LOUISVILLE, Ky. — The sport of kings. haha!
Thoroughbred breeds have increasingly surrendered to the sheikhs and princes, the hedge fund wizards and industrialists, the fat cats who could loot their vaults and pay anything to get a royally-bred horse that they hoped would fill a hole in the wind could run.
But that wasn’t the story on Saturday’s 148th Kentucky Derby. Not after an 80-1 long shot named Rich Strike, who didn’t earn his spot on the grid until Friday in America’s greatest horse race, seemed to follow Moses’ path through the Red Sea to a three-quarter victory that proved impossible.
When Rich Strike hit the wire low and long as if trying to sneak past a monitor in the hall, most Churchill Downs swells searched their programs to see who was wearing the 21 saddle cloth. Demanding horse fans everywhere turned to Google to meet the jockey Sonny Leon and the trainer Eric Reed.
What they found was a colt that had one win on his resume and was picked up cheaply in a race with a $30,000 claim. Then there was the jockey, who had completed six races on Friday at Belterra Park, a minor league circuit in Ohio. And finally, there was the trainer, who hyperventilated Friday morning when he was told that a colt named Ethereal Road had scratched out of the Derby and opened a gate for him to put a horse in the Kentucky Derby for the first time.
“I’m going to pass out, I’m so happy,” Reed said, trying to wipe the surprise from his face. “This is why everyone is doing this. This is the most incredible day ever.”
Rich Strike, who completed the mile and a quarter in 2 minutes and 2.61 seconds, rewarded his believers with a whopping $163.60 on a $2 bet to win. It was the second biggest disruption in the history of the race, after only Donerail in 1913 paying $184.90.
Uplifting stories are hard to find in America’s oldest sport these days. Bob Baffert, who trained Medina Spirit – last year’s Derby winner until he was out – was not there, having been sidelined by a 90-day suspension over Medina Spirit’s failed post-race drug test.
But his horses do. Baffert’s Messier and Taiba were handed over to a former assistant, Tim Yaakteen, so the ghost of the white-haired trainer hovered beneath the Twin Spires.
The other contenders had blue-blooded ownership and were conditioned by gold-plated trainers. Steve Asmussen, the winningest trainer in North America – 9,731 and more – saddled Epicenter, and four-time Eclipse Award champion trainer Chad Brown had high hopes for Zandon.
For a dozen seconds or so into the deep end, it sure looked like one of them was going to take his first Derby win. Their horses ran down the trail together, two shadows trying to escape the sun.
But Leon and Rich Strike didn’t feel like it. Leon knew he had a horse with a powerful engine and iron lungs. The colt’s owner, Rick Dawson, has been in the sport long enough, and with an enduring respect for it, that he swore he would never put any of his horses in a place he could be ashamed of.
Sure, Rich Strike, Keen Ice’s son, last won in September. And he didn’t make himself a world-beater in his subsequent races, finishing a well-beaten third in his last outing, a stakes race at another second-tier track, Turfway Park, 90 miles down the highway in Florence, Kentucky.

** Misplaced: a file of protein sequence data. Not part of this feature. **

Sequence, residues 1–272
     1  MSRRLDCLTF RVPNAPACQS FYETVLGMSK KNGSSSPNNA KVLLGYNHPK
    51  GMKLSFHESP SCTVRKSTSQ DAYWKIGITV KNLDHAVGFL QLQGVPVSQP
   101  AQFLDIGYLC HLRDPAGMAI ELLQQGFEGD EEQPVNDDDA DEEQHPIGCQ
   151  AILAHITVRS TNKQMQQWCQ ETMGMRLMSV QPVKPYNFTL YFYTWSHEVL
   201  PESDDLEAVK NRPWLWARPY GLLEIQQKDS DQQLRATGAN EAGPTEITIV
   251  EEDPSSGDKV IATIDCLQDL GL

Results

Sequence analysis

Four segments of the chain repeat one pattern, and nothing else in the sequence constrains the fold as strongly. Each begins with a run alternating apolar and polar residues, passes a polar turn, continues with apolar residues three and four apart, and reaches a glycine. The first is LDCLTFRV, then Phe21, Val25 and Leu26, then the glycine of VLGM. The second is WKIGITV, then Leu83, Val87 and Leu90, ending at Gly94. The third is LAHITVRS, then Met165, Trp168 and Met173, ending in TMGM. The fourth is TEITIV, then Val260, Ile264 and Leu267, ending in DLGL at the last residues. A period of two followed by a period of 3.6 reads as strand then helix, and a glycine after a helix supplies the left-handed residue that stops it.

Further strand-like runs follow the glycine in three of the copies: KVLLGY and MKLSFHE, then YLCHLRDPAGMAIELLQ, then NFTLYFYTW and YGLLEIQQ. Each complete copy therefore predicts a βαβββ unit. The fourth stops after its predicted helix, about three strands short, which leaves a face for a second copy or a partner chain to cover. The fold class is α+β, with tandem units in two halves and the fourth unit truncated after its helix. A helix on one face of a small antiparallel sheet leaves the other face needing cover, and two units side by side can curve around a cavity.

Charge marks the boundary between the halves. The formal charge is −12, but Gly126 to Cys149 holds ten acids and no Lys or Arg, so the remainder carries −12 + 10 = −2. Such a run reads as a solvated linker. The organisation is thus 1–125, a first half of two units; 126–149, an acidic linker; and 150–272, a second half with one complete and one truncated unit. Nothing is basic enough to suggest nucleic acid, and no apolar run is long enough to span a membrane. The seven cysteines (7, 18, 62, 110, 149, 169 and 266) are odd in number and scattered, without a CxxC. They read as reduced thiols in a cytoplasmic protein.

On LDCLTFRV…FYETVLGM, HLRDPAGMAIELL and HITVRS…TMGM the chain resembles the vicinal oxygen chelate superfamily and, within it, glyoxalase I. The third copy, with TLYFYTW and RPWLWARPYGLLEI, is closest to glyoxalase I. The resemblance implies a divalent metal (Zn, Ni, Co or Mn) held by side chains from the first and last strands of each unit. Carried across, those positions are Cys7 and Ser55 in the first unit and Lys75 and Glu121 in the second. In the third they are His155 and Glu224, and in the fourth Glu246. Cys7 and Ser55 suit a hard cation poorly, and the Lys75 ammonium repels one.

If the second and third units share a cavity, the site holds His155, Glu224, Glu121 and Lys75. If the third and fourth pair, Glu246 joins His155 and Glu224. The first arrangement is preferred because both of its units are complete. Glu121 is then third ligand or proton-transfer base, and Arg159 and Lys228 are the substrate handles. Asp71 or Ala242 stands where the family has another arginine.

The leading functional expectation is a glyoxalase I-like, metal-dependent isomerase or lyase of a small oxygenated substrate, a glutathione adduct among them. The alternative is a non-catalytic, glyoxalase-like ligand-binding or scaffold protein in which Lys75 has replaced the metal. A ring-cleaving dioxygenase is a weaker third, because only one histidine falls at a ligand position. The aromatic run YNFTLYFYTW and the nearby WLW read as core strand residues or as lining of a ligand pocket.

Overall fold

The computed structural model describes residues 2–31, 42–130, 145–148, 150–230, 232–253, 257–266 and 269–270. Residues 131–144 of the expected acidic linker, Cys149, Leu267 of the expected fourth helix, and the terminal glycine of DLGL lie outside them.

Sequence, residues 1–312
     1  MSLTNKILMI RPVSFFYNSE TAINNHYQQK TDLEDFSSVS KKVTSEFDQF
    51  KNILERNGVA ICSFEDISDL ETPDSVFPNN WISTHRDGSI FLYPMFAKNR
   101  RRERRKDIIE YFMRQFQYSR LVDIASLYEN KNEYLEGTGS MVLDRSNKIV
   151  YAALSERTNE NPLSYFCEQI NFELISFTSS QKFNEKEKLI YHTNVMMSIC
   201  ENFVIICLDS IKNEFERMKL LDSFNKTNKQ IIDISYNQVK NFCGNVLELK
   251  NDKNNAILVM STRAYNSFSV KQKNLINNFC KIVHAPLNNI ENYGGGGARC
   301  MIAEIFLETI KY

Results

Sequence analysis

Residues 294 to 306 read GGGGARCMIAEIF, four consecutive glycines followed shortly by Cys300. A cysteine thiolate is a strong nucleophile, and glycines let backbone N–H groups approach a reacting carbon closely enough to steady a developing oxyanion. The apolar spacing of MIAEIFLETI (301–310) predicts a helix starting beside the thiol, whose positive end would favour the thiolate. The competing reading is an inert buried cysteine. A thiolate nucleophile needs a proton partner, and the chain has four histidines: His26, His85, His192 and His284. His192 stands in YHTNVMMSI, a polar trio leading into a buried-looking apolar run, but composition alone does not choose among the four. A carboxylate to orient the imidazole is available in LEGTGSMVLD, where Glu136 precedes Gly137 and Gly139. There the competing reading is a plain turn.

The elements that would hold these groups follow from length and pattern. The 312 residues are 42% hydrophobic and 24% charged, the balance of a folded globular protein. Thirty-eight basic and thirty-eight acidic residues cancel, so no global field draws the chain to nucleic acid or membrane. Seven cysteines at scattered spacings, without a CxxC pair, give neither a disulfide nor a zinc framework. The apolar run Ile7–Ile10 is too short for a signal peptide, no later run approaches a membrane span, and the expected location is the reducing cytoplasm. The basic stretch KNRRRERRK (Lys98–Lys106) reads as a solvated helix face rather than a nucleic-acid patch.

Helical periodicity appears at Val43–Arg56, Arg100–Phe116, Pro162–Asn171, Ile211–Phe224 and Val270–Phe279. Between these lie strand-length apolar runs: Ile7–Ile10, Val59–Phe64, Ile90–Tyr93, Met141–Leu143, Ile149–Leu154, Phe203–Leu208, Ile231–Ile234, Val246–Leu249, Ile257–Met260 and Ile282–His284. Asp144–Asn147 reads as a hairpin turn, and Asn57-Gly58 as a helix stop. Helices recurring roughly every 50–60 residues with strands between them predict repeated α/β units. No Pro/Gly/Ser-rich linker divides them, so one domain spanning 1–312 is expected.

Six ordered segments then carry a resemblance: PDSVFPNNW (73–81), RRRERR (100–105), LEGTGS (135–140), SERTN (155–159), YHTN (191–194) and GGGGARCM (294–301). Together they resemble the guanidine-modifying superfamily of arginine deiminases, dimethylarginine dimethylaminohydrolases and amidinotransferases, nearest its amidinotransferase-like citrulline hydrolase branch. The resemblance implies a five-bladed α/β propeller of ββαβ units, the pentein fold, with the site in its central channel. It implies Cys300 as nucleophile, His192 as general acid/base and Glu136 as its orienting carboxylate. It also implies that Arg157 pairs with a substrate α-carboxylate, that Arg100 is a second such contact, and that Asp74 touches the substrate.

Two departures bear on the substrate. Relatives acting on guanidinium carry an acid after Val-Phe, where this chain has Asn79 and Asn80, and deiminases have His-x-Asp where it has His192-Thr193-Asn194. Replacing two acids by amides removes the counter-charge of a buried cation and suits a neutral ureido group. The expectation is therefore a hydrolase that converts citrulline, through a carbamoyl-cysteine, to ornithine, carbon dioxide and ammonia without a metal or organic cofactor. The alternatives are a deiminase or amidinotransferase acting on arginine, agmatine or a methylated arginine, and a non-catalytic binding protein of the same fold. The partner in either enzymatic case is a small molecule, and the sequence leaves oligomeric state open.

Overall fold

In fact, most thought Rich Strike even performed so well, largely because the race was on “plastic,” the derogatory name for the safer synthetic surfaces barely embraced by the American racing establishment. But Dawson knew his horse.
“We talked about this a year and a half ago,” he says. “We talked about never putting in a horse if it wasn’t ready, it wasn’t fit. And we just knew we had a chance because every time he went longer, he got better. And today we go to a mile and a quarter and he just kept going.”
Both Dawson and Reed gave credit for a cunning drive through Leon, a Venezuelan, who looked like he had his teeth cut open in Saratoga instead of Ohio’s Thistledown. To put Leon’s drive and place in the horse racing hierarchy into perspective, only 10 jockeys won more races than in 2021.
Sixty-five of them, however, earned more than he did.
Leon led Rich Strike almost 90 degrees out of the gate, from the 20th path in. Then they rode the rails like a bunch of bums.
Leon and his foal were in no rush as they followed 17 other horses chasing a poor early pace into the far corner.
“No one knows my horse like I know my horse,” Leon said.
Leon began leading his horse through the pack, zigzagging like someone late for work on a crowded Manhattan sidewalk. Ahead of them, Epicenter and Zandon looked each other in the eye for what would become a duel with the wire in the middle of the lane.
“I had to wait for the piece and that’s what I did,” Leon said, “and then the railing opened.”
Both Brown and Asmussen leaned towards the circle of winners. One of them would definitely end up there. Instead, Leon and Rich Strike rocketed past them.
“I was beaten by the horse that just came in,” Asmussen said.
Brown was momentarily abandoned and sighed, “He just snuck into our insides.”
Reed, for his part, swooned as he watched.
Leon had been on Rich Strike for the past four starts. He was as much the colt’s professor as a passenger.
“He taught him between the horses,” Reed said. “I didn’t think I would be able to win per se, but I knew if he got it they would know who he was when the race was over.”
Yes they do. Rich Strike is the Kentucky Derby Champion.